Some small restaurants in Shaoyang, the town in Hunan where I first taught. Probably my favourite places to eat in the world.
Some photos I took in Urumqi this spring are up at Flickr now.
I have a new piece on the London Review of Books Blog about the plans to stimulate Xinjiang’s economy, and my doubts that the gains will be shared equally.
A few good recent Xinjiang pieces, the first from Kashgar about the different responses to the massive social and cultural changes in the city caused by the destruction of the old town. The video is well-worth watching, and gives a sense of the scale of the demolition.
In the wake of the Tibetan language protests in Qinghai and elsewhere, minority education as a whole is getting more attention. The Uighur Human Rights Project has a very good piece on the issues of so-called ‘bilingual education’, and the obvious political dimensions. The article focuses on a report that appeared in the Chinese press about a visit to a school in Tongxin, in the Kizilsu Kirghiz autonomous area of Xinjiang. The article notes that Tongxin Middle School’s facilities are almost the same as those of schools in eastern China, except for that
“in every classroom, next to the teacher’s podium there is a poster proclaiming an “ethnic unity” pledge, with the second line stating that “every teacher and student should, in thinking and behavior, be fully conscious that the biggest danger to Xinjiang derives from “ethnic splittism” and “illegal religious activities”.
Finally, there’s a review of an interesting new book on the region by Gardner Bovingdon. My grasp of Uighur was, at best, pretty tenuous, so I always had to rely on what people could tell me in English. As a result, I’m particularly interested in the part of the book that deals with
the number of daily public and private ways the Uyghur people defy the Chinese regime. From jokes to songs to stories, Uyghurs invoke the symbols of opposition to Chinese authorities. These varieties of resistance either circulate in trusted private conversations or in allegorical form at public performances.
Having just posted that fairly bleak piece about the likelihood of further violence in Xinjiang, here’s a slightly more optimistic one from Radio Free Asia. It doesn’t seem to have been picked up by other news outlets, for reasons that emphasise what constitutes ‘news’.
On October 15th around 100 farmers began protesting in Kashgar against the high fees they have to pay the government to use land. They stayed outside the prefectural government building in Kashgar for 3 days, when the protest came to an end, but not in the manner in which such protests usually do in Xinjiang.
“We had expected armed to police to come take us away, but actually, top officials including the county secretary and village party chief came. Most importantly, they treated us very nicely,” Yusupjan [the leader of the protest] said.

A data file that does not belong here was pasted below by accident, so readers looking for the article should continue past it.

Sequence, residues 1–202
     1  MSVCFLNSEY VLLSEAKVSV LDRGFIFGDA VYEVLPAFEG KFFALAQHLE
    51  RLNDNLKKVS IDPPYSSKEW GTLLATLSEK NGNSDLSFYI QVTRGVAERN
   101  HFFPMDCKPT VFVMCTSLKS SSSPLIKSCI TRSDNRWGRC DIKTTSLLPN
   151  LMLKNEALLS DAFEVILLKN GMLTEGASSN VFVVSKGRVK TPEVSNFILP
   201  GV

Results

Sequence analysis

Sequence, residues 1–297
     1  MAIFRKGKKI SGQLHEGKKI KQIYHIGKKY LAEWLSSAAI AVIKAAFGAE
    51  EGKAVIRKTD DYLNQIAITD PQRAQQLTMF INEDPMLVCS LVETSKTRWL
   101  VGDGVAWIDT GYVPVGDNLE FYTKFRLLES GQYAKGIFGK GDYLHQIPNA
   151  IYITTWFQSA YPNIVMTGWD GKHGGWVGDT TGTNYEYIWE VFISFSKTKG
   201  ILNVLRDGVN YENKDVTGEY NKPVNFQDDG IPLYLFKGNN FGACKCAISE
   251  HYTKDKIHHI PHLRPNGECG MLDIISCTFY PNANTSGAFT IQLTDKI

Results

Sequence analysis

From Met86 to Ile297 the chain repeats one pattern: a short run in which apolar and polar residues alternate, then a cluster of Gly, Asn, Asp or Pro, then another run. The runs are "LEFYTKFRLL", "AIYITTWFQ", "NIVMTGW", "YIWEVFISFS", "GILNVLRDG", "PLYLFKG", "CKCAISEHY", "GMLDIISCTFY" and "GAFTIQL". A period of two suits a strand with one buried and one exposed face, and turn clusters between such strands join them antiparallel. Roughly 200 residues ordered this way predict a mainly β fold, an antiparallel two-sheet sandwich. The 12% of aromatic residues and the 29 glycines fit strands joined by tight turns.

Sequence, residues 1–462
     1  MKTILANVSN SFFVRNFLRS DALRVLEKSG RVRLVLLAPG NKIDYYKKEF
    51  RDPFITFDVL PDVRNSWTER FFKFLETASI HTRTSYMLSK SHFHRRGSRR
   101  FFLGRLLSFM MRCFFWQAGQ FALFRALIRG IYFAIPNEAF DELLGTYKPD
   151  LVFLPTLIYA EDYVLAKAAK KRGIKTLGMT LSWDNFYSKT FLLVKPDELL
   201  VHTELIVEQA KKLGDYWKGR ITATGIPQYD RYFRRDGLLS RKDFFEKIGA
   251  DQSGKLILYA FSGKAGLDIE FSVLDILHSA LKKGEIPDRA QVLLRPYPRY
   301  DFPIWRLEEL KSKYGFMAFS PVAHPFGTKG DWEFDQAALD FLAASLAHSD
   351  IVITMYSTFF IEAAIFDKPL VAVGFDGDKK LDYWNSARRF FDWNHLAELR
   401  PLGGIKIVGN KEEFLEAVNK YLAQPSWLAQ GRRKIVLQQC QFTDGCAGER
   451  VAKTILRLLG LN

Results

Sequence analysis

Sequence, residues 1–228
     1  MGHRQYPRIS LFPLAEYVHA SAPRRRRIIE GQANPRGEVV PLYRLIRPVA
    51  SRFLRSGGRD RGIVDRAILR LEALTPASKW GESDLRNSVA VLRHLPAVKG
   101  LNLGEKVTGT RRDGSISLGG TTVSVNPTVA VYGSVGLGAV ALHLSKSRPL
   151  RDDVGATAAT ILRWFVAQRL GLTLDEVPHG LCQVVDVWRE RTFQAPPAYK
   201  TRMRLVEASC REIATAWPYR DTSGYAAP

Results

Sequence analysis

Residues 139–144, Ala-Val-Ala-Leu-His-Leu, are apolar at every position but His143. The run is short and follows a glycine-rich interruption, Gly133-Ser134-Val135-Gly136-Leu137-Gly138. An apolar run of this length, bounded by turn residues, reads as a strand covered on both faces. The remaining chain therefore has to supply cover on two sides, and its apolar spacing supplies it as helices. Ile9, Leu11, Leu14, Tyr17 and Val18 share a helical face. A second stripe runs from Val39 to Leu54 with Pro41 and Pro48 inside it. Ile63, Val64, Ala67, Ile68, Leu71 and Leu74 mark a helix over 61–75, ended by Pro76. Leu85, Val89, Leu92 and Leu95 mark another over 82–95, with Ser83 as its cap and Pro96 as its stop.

Officials pointed out to the protesters that they would have faced harsher treatment a year ago, after ethnic unrest broke between Uyghurs and Han Chinese in Urumqi, the regional capital. Uyghur men faced widespread arrests in the ensuing crackdown.
“The official said, ‘As you know, if this were last year, you could have seen yourselves surrounded by armed police and your destiny would have been the detention center. But that time is over and such a thing will not happen again. Please listen to us, follow us to return home and we can discuss anything you want with you.’”
The officials are said to have done so, and to be considering the request. Whether or not the land fees get adjusted, this is a unusual story because there seems to be a) agreement from both sides about what happened and b) the protest ended peacefully. I also find it remarkable how candid the officers were about what would usually happen- let’s hope this is due to some general edict about the need for more sensitive policing in the region.
Here is, astonishingly, some actual reportage I did. It’s a long interview I did in Urumqi when I was there in April/May. It’s about protest, violence and terrorism, and will also appear, in some form, in The Tree that Bleeds.
A snippet of film of a Uighur backstreet in Urumqi. Highlights include: faces, sounds, a table of bread, sparks from metal being struck.
There have been reports (1, 2) of a protest in the western province of Qinghai, where over 1,000 students yesterday marched about plans to restrict the use of the Tibetan language in schools. The protest was peaceful, and the police made no attempt to stop the demonstration. Free Tibet said the protests were caused by educational reforms already implemented in other parts of the Tibetan plateau, which order all subjects to be taught in Chinese and all textbooks to be written in Chinese, except for Tibetan language and English classes.
I don’t have much to add, other than to say that the same thing is happening in Xinjiang, where the Uighur language will soon no longer be used in schools and universities. This is not a new phenomena- in 2001, when I taught in Xinjiang, there were already Uighur children who had gone to predominantly Han schools (‘Min Kao Han’ students) who couldn’t read or write Uighur (which is written using a modified Arabic script:
ھەممە ئادەم زاتىدىنلا ئەركىن، ئىززەت-ھۆرمەت ۋە ھوقۇقتا باب-باراۋەر بولۇپ تۇغۇلغان. ئۇلار ئەقىلگە ۋە ۋىجدانغا ئىگە ھەمدە بىر-بىرىگە قېرىنداشلىق مۇناسىۋىتىگە خاس روھ بىلەن مۇئامىلە قىلىشى كېرەك.
(‘All human beings are born free and equal in dignity and rights. They are endowed with reason and conscience and should act towards one another in a spirit of brotherhood’)
Of course, this only matters if you think that language has anything to do with culture or identity. While it is a good thing for everyone to have a language they can communicate in (Chinese, English), this shouldn’t be at the expense of the language that their culture relies on.
There’s a brief Q. and A. on the Luath website about my forthcoming book, The Tree That Bleeds.